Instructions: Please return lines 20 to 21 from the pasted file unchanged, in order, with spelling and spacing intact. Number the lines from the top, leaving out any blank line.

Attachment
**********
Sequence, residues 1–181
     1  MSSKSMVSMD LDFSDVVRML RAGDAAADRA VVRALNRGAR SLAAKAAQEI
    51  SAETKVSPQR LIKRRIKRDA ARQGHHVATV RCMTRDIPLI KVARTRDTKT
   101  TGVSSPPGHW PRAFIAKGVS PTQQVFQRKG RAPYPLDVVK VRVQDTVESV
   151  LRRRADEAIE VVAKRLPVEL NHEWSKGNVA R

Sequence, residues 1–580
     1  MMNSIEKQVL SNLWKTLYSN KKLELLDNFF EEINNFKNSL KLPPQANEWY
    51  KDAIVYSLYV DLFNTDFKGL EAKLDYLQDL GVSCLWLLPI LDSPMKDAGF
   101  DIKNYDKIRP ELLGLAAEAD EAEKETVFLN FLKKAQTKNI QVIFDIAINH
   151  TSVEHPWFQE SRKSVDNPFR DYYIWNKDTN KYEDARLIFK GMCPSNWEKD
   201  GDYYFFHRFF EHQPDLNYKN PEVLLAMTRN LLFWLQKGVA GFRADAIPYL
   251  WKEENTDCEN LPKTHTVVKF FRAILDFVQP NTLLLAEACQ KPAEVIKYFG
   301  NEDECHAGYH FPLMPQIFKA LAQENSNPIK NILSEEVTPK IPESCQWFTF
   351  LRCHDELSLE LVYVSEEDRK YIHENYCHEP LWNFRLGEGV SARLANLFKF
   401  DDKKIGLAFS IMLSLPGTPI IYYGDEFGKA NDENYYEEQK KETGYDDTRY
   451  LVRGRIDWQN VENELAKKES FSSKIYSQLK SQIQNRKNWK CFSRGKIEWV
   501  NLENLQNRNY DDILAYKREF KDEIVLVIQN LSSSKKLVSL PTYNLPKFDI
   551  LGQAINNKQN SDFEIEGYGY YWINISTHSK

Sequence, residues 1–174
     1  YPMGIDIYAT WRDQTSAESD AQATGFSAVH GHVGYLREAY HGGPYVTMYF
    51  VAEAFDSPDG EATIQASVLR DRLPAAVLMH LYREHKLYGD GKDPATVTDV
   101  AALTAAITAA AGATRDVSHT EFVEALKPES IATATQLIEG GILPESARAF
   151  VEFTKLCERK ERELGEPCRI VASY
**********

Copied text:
     1  YPMGIDIYAT WRDQTSAESD AQATGFSAVH GHVGYLREAY HGGPYVTMYF
    51  VAEAFDSPDG EATIQASVLR DRLPAAVLMH LYREHKLYGD GKDPATVTDV